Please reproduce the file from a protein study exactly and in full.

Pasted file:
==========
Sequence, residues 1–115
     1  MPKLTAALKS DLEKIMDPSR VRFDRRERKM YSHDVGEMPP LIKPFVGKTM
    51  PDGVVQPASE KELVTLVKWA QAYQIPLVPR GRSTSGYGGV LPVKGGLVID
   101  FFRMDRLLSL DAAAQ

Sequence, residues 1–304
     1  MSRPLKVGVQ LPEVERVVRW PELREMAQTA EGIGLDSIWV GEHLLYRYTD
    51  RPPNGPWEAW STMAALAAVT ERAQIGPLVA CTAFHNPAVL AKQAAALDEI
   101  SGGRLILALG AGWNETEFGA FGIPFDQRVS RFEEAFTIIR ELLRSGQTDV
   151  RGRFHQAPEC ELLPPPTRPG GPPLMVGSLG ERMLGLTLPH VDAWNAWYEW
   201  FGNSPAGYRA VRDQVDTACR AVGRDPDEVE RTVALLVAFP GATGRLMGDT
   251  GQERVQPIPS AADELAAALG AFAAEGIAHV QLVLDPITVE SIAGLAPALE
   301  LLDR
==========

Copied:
Sequence, residues 1–115
     1  MPKLTAALKS DLEKIMDPSR VRFDRRERKM YSHDVGEMPP LIKPFVGKTM
    51  PDGVVQPASE KELVTLVKWA QAYQIPLVPR GRSTSGYGGV LPVKGGLVID
   101  FFRMDRLLSL DAAAQ

Sequence, residues 1–304
     1  MSRPLKVGVQ LPEVERVVRW PELREMAQTA EGIGLDSIWV GEHLLYRYTD
    51  RPPNGPWEAW STMAALAAVT ERAQIGPLVA CTAFHNPAVL AKQAAALDEI
   101  SGGRLILALG AGWNETEFGA FGIPFDQRVS RFEEAFTIIR ELLRSGQTDV
   151  RGRFHQAPEC ELLPPPTRPG GPPLMVGSLG ERMLGLTLPH VDAWNAWYEW
   201  FGNSPAGYRA VRDQVDTACR AVGRDPDEVE RTVALLVAFP GATGRLMGDT
   251  GQERVQPIPS AADELAAALG AFAAEGIAHV QLVLDPITVE SIAGLAPALE
   301  LLDR